Springdale Place Observes One Year of Operations and Service to 180 Homeless Women with Children | Print |

Springdale Place Comprehensive Services Center to Homeless Women with Children opened one year ago on February 28, 2012.  Since opening the doors, Fulton County's Housing and Human Services Department, Office of Emergency and Transitional Housing has provided services to help 180 homeless mothers with children to begin building new lives with stable employment and permanent housing in their futures.  The goal of rebuilding lives one mother and family at a time continues as the facility enters its second year.

Forty- seven-year-old Vanessa Lee, the mother of two ten-year old girls and one twelve-year-old girl was a full-time student when her children's father lost his job, which resulted in the loss of Lee"s apartment in 2012.  Since her arrival at Springdale Place, Lee is now employed as a Human Services Specialist with the Housing and Human Services Department, Office of Emergency and Transitional Housing.  Lee hopes to be in permanent housing within two or three weeks.  She is currently searching for affordable housing.

Lee admits readily that Springdale Place has helped her to recognize areas where she needed discipline such as communicating effectively with different people of different backgrounds and exercising patience with her children.  Lee says that the difficult experience has taught her family to appreciate each other while sharing space within one room over the past year.  How has it affected her children?  She says her twelve-year-old describes the experience as "a roller coaster ride." Lee quotes her daughter, "We got on the ride, went down and now we're coming up again."

Chronically homeless for nearly three years, 40-year-Jamie McCrimmon went from shelter to shelter beginning with a Salvation Army shelter, Jars of Clay, the City of Atlanta's Gateway Shelter and finally to Springdale Place.  McCrimmon states frankly that just before Springdale Place accepted her, her situation boiled down to the difficulty of finding a shelter that would accept her and her 16-year-old son, which left her with few options until she moved to Springdale Place.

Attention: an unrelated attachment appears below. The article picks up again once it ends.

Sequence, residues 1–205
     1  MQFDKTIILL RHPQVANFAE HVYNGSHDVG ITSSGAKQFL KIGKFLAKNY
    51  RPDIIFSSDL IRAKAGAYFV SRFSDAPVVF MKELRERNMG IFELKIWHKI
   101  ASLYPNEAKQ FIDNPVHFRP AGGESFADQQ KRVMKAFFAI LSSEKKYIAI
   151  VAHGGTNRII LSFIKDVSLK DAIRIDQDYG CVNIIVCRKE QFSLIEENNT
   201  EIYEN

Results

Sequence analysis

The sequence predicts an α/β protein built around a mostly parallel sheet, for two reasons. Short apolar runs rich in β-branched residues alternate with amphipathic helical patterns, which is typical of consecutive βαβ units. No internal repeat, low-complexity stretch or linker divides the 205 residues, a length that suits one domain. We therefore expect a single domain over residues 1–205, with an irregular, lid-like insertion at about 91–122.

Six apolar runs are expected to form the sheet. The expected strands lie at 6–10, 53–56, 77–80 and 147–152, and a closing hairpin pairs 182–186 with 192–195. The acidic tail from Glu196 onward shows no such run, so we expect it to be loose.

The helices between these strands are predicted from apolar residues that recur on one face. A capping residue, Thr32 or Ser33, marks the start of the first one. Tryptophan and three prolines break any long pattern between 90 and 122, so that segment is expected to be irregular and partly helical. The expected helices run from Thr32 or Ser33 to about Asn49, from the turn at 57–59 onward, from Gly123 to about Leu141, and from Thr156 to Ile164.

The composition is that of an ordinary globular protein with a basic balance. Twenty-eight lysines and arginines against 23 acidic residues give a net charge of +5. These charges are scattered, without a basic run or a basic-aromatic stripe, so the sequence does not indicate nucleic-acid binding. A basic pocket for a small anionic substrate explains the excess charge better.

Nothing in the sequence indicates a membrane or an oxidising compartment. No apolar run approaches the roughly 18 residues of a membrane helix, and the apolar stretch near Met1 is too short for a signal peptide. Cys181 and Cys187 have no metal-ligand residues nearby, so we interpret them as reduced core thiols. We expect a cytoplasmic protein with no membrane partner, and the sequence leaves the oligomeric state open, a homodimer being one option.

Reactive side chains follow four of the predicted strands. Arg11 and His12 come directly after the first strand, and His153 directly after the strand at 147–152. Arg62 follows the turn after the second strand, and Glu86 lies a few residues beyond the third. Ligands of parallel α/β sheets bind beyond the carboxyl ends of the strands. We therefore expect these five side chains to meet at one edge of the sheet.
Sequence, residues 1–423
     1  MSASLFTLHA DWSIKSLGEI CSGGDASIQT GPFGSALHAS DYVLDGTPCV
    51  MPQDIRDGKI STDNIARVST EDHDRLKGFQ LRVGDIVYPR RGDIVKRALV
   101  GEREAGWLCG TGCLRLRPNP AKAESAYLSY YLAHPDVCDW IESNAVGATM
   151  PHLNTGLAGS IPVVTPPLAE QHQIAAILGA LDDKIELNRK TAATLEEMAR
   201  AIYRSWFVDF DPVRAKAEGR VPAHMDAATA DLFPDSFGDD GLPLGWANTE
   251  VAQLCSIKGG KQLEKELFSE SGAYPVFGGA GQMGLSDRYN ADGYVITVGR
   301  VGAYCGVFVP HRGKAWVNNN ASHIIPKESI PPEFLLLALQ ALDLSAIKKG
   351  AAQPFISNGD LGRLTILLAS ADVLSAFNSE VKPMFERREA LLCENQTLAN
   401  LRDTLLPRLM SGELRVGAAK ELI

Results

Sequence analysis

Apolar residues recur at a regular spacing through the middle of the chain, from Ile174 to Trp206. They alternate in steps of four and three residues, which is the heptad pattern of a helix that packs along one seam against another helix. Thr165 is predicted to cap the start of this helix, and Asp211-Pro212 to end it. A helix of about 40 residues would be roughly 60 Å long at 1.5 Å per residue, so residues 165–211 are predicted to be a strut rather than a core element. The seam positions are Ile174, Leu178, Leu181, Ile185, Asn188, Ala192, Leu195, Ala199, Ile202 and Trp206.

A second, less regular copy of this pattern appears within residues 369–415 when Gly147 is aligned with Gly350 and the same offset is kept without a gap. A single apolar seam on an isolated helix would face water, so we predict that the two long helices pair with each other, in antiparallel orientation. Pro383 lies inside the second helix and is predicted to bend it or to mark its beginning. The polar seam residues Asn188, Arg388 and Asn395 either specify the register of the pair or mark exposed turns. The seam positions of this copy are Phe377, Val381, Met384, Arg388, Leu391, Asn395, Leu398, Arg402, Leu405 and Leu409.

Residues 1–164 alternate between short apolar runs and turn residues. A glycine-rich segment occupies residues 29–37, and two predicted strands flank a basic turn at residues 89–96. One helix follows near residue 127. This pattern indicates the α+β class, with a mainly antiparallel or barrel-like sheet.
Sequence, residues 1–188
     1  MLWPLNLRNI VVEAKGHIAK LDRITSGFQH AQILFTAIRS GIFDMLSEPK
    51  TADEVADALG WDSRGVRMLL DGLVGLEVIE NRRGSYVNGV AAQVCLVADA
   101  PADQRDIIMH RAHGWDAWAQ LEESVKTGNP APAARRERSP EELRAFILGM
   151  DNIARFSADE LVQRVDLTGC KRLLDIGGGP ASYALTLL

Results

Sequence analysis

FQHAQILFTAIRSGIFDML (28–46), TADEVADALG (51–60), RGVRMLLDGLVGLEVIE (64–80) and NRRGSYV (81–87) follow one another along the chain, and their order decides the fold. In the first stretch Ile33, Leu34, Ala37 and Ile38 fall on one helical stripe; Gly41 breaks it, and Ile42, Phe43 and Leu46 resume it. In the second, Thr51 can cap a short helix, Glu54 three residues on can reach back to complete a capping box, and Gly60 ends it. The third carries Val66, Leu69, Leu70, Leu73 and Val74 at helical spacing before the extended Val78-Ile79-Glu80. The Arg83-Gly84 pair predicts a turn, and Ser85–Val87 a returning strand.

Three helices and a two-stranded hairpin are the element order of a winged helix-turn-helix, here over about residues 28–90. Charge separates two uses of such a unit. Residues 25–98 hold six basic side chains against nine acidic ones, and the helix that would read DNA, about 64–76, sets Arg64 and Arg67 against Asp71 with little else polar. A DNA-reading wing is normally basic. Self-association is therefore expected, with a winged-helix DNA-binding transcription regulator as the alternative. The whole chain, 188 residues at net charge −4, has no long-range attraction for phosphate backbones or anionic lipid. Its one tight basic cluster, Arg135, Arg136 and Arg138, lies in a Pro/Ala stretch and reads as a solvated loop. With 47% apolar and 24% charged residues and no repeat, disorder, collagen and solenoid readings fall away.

Currently, McCrimmons' case manager and counselors are working to help her to obtain disability because of her long-term struggles with depression, chronic anxiety and chronic pain.  McCrimmon has a message for other women in crisis without shelter for their children.  She says, "Help is out there. You have to continue to search and ask for assistance."

Springdale Place's intergovernmental partners in Fulton include: the Office of Workforce Development, the Facilities and Transportation Department, the Behavioral Health and Developmental Disabilities Department, and Health and Wellness. Public partners include Fulton County Schools, Atlanta Public schools and the U. S. Department of Housing and Urban Development.

Non-profit partners include the Fraternal Order of Police (FOP), and the Zion Hill Community Development Corporation (CDC).  The FOP donated $150 gift certificates to the women and assisted them with their shopping while the Zion Hill CDC allows the women to shop at no cost in the Z Boutique for clothing for themselves and their families.  Private supporters of Springdale Place include Rite Aid Pharmacy and Wal-Mart.  Rite Aid donated a Christmas tree and decorations to support the facility's tree lighting program as well as gift bags with hygiene products.    Wal-Mart provided 10% discounts on all merchandise during the shopping spree supported by the FOP.

Springdale Place is one example of the Fulton County concept of "Common Ground," which combines the programs of various County services to provide a variety of services to address the needs of citizens in a holistic manner.  The Common Ground concept seeks to use taxpayer funds in a strategic and efficient manner.  For more information about Springdale Place or other Health and Human Services programs, citizens and those who want to help can call 404-613-7944.